Brain-work: The cure for hysteria and other “nervous maladies”

A Charlotte Mason Moment:

“Here comes in for consideration the question of ‘overpressure’, a possibility – too serious to be passed over without investigation – which parents naturally dread more for their girls than their boys. In the first place, work, regular disciplinary exercise, is so entirely wholesome for the brain, that girls, even more than boys, should be the better for definite work with a given object. It cannot be too strongly put, that, as a matter of health, growing girls cannot afford to be idle, mentally; it is just as pernicious that they should dawdle through their lessons as that they should lounge through the day. There is no more effectual check to the tendency to hysteria and other nervous maladies common to growing girls than the habit of steady brain-work.”

(Home Education by Charlotte M. Mason Vol. 5, pp. 180, 181)

Editor’s note: The habit of steady brain-work is just as effectual for busy little boys who would otherwise spend their school time giving their parents many “nervous maladies.” Want an example of this? See the link below:

No Spinning?

The method is as old as the mind of man, the distressful fact is that it has been made so little use of in general education…

A Charlotte Mason Moment:

“As for all the teaching in the nature of ‘told to the children’, most children get their share of that whether in the infant school or at home, but this is practically outside the sphere of that part of education which demands a conscious mental effort, from the scholar, the mental effort of telling again that which has been read or heard. That is how we all learn, we tell again, to ourselves if need be, the matter we wish to retain, the sermon, the lecture, the conversation. The method is as old as the mind of man, the distressful fact is that it has been made so little use of in general education.”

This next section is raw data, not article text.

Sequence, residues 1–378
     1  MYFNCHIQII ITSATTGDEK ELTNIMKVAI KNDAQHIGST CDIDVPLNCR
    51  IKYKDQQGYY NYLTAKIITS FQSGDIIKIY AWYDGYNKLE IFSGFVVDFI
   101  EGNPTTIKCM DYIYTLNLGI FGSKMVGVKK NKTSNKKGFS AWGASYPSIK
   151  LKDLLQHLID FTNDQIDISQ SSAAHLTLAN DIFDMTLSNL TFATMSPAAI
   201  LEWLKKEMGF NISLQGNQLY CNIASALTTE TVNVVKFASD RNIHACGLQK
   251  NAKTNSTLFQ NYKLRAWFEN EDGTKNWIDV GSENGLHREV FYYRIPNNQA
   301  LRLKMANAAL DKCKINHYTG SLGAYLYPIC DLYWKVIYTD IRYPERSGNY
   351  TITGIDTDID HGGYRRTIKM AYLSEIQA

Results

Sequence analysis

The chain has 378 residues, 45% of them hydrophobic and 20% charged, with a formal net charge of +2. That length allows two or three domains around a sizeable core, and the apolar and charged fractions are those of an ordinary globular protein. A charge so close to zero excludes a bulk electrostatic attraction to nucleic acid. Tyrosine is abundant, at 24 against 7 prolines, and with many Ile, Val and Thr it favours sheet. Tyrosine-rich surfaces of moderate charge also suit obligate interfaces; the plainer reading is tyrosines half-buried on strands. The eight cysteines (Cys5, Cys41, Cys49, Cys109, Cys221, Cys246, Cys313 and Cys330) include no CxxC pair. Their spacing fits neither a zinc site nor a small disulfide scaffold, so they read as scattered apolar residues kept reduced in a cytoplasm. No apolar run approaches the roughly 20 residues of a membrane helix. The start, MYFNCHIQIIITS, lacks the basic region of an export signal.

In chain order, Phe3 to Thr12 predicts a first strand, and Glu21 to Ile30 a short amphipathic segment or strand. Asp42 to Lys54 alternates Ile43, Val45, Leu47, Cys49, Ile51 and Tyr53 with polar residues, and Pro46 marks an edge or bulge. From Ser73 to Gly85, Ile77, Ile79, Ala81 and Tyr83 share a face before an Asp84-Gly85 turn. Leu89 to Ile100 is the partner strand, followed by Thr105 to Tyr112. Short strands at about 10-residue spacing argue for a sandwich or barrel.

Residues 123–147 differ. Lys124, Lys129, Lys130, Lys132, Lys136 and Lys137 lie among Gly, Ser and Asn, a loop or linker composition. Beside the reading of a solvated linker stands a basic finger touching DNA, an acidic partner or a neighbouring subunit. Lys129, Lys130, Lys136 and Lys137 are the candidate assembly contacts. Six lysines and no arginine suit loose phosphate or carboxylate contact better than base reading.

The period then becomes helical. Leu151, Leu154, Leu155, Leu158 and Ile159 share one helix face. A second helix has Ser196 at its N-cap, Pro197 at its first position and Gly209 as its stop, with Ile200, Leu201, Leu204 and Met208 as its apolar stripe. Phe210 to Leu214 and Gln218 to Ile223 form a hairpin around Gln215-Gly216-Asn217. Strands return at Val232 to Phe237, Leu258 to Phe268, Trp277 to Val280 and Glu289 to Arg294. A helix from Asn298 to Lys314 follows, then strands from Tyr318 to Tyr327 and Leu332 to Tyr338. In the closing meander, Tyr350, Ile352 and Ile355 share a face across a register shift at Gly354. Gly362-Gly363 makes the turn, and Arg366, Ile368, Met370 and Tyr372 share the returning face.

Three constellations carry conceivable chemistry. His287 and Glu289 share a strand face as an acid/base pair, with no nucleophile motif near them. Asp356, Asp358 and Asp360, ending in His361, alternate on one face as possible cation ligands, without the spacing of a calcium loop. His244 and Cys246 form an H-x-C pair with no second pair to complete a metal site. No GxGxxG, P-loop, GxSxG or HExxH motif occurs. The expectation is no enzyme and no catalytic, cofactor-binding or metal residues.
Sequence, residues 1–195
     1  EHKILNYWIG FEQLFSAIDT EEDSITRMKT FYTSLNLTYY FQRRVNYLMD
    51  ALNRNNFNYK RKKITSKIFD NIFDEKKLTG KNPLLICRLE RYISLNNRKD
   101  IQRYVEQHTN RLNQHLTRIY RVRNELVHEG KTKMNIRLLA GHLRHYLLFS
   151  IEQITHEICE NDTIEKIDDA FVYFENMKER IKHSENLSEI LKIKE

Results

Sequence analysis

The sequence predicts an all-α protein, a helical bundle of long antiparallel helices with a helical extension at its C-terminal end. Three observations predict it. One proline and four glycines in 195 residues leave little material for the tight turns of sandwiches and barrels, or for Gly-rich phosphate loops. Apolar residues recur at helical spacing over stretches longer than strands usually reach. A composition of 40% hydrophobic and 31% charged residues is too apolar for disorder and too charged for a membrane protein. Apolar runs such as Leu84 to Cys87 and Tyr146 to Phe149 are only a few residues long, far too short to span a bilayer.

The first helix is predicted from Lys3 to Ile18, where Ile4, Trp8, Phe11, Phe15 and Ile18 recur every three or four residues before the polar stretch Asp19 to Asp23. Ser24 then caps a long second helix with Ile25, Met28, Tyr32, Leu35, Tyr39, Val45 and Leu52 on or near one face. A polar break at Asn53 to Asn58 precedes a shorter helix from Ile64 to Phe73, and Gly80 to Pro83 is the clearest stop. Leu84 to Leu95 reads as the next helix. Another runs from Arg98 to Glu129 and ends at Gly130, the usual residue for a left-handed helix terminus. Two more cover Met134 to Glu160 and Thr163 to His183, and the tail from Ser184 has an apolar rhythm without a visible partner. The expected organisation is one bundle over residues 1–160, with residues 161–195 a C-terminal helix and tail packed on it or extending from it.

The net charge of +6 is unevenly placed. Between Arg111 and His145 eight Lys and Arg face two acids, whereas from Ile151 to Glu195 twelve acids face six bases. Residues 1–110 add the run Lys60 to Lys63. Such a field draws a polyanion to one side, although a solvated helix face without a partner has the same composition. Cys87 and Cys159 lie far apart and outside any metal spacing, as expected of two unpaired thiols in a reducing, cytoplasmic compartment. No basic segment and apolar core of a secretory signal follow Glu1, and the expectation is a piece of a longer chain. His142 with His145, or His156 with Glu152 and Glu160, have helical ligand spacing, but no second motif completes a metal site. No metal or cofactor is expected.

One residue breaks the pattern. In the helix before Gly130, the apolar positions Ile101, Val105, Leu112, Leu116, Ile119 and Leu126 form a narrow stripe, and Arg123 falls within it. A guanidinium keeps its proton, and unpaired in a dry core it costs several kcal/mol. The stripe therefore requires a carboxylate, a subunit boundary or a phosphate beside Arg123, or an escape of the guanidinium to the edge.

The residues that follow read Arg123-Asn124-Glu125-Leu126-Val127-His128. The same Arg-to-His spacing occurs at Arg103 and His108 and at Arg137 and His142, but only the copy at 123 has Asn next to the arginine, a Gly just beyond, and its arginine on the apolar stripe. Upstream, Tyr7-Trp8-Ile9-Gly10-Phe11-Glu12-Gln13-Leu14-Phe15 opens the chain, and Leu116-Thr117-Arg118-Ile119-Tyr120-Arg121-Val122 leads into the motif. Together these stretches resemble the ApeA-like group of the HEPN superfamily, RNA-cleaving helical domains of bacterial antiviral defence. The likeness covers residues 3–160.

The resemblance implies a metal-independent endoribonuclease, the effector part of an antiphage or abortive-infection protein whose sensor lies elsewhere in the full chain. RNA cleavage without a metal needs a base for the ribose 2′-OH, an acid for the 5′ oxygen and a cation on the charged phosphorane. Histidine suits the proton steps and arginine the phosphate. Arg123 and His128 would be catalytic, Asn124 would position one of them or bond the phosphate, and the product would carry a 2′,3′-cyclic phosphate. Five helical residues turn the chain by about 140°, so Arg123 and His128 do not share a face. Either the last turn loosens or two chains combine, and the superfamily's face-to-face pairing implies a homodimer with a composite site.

(Home Education by Charlotte M. Mason Vol. 6, pp. 159, 160)

PS: If you’re interested in learning some practical ways students can study for Charlotte Mason-style dictation passages, have a look at this blog article linked below!

Ways to Study for Charlotte Mason Dictation Passages

Reading must be purposeful!

A Charlotte Mason Moment:

“Casual reading – that is, vague reading round a subject without the effort to know – is not in much better case: if we are to read and grow thereby, we must read to know, that is, our reading must be study – orderly, definite, purposeful.”

(Home Education by Charlotte M. Mason Vol. 5, p. 382)

The difference between intelligent reading and cramming

Thinking is inseparable from reading

A Charlotte Mason Moment:

“People are naturally divided into those who read and think and those who do not read or think; and the business of schools is to see that all their scholars shall belong to the former class; it is worth while to remember that thinking is inseparable from reading which is concerned with the content of the passage and not merely with the printed matter.”

(Home Education by Charlotte M. Mason Vol. 6, p.31)

The importance of getting nourishment from books

Books alive with thought and feeling

A Charlotte Mason Moment:

“Why in the world should we not give children, while they are at school, the sort of books they can live upon; books alive with thought and feeling, and delight in knowledge, instead of the miserable cram-books on which they are starved?”

(Home Education by Charlotte M. Mason Vol. 5, p. 291)

Caught Between a Textbook and a Living Book